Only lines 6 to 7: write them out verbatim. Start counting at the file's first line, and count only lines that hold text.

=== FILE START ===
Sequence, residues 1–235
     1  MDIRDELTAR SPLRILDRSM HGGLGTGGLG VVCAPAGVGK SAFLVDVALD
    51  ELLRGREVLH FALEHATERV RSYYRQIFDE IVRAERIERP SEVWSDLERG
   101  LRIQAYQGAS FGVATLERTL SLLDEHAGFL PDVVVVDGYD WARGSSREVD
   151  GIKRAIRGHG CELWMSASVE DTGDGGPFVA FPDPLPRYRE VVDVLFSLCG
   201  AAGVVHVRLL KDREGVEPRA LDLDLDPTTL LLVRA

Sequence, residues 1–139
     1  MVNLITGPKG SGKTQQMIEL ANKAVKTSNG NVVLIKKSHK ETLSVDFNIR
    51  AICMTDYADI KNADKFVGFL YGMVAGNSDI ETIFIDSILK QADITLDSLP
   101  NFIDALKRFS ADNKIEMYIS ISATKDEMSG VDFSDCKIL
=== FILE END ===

   201  AAGVVHVRLL KDREGVEPRA LDLDLDPTTL LLVRA

Sequence, residues 1–139